Pinus sabiniana


Pinnacles National Park has some of the largest gray pines I've seen.

GRAY PINE grows only in California, encircling the central valley nearly entirely at around 1,000 feet to 3,000 feet. It often associates with blue oak (Quercus douglasii) in the hot, dry foothills, and grows in open woodlands just below the ponderosa pine belt. It is also called foothill pine and ghost pine, and was formerly called digger pine. Gray pine is drought tolerant, and can survive on 10 inches of annual rainfall. More interesting details are found in this blog post.

Gray pine is an open, sparsely foliaged pine, usually multi-trunked, and not particularly large, but can grow to 100 feet. Reports from earlier times mention that gray pine could be up to 140 feet high and 3 to 12 feet in diameter, and may have lived over 200 years.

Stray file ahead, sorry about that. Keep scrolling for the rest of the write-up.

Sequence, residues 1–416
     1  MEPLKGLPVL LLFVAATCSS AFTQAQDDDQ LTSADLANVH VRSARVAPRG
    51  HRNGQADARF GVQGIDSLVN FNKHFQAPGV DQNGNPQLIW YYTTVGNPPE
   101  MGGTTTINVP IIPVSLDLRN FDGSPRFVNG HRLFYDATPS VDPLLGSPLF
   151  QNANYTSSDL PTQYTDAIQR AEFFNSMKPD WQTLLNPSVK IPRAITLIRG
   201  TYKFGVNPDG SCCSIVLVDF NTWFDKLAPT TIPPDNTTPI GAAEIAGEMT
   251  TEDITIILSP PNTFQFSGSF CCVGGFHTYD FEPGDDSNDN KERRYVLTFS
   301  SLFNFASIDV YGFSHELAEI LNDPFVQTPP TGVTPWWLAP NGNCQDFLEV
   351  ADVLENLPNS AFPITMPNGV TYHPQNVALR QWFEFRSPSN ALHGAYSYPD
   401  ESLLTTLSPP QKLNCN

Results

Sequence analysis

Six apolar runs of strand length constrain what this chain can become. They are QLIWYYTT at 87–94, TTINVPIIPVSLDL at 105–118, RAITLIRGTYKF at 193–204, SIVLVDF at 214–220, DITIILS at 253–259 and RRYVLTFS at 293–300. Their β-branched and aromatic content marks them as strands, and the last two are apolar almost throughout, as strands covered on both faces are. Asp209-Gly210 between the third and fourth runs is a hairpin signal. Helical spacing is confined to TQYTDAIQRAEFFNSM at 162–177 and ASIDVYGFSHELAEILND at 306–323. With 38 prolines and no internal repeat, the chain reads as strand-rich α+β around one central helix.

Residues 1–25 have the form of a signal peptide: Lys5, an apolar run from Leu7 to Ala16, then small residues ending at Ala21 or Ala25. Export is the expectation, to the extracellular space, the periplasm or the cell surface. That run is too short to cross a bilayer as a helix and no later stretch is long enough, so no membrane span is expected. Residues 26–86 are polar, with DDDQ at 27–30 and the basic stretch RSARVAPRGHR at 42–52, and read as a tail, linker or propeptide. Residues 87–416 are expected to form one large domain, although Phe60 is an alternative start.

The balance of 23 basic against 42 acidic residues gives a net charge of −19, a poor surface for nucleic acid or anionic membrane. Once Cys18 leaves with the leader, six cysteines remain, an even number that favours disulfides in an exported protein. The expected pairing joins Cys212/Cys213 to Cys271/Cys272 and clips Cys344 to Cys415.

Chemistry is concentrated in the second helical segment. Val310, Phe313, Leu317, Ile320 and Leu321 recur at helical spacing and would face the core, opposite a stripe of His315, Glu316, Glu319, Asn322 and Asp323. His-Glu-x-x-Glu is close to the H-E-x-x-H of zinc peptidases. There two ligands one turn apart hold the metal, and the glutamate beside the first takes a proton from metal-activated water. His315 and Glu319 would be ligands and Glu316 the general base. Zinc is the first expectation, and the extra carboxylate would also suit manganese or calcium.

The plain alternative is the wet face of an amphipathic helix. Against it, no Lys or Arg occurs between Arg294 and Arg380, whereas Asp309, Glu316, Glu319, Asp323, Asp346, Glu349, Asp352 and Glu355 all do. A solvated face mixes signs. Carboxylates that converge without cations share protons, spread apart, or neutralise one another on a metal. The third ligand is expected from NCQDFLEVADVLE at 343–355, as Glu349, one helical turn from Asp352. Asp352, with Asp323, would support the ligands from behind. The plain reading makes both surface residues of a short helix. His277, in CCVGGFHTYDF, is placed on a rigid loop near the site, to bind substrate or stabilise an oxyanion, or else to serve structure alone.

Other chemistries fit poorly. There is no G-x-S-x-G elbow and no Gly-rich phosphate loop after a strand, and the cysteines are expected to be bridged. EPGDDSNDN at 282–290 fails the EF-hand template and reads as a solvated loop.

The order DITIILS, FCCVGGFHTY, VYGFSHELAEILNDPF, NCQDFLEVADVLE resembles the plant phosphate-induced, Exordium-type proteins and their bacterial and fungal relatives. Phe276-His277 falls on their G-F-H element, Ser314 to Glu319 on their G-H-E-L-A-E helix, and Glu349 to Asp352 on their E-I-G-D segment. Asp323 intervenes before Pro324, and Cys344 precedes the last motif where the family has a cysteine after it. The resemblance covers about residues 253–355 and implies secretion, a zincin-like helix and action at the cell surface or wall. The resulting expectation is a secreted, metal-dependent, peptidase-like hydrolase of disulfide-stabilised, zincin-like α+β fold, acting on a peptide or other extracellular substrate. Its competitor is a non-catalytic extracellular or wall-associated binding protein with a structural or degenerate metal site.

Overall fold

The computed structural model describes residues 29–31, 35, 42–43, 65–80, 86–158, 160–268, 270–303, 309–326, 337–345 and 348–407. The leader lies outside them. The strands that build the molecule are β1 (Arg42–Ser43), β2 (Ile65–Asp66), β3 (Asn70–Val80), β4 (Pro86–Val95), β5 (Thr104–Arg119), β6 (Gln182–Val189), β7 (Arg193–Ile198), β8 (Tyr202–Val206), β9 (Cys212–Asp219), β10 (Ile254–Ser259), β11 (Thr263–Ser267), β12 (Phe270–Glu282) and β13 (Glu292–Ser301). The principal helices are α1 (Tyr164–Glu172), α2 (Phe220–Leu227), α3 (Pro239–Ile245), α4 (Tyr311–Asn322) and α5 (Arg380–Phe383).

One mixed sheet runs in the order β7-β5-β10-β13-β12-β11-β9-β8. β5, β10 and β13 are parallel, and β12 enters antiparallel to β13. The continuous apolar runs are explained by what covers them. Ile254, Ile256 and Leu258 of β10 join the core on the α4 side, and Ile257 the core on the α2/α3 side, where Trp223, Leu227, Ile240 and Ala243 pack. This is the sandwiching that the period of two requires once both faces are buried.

On a cycling trip in Big Sur I was surprised to find a few gray pines growing uncharacteristically almost to the Pacific Ocean. 

The American Conifer Society has a wonderful, descriptive page about gray pine here.

Thick 8 to 12 inch grayish-green needles hang loosely and occur in groups of three.

The heavy cones are 6 to 10 inches long, with sharp pointed scales, and take two years to mature. The seeds are large and nutritious. These cones are second in mass only to Coulter pine (Pinus coulteri).

All photos, except as credited to others, are copyright Emerald Canary.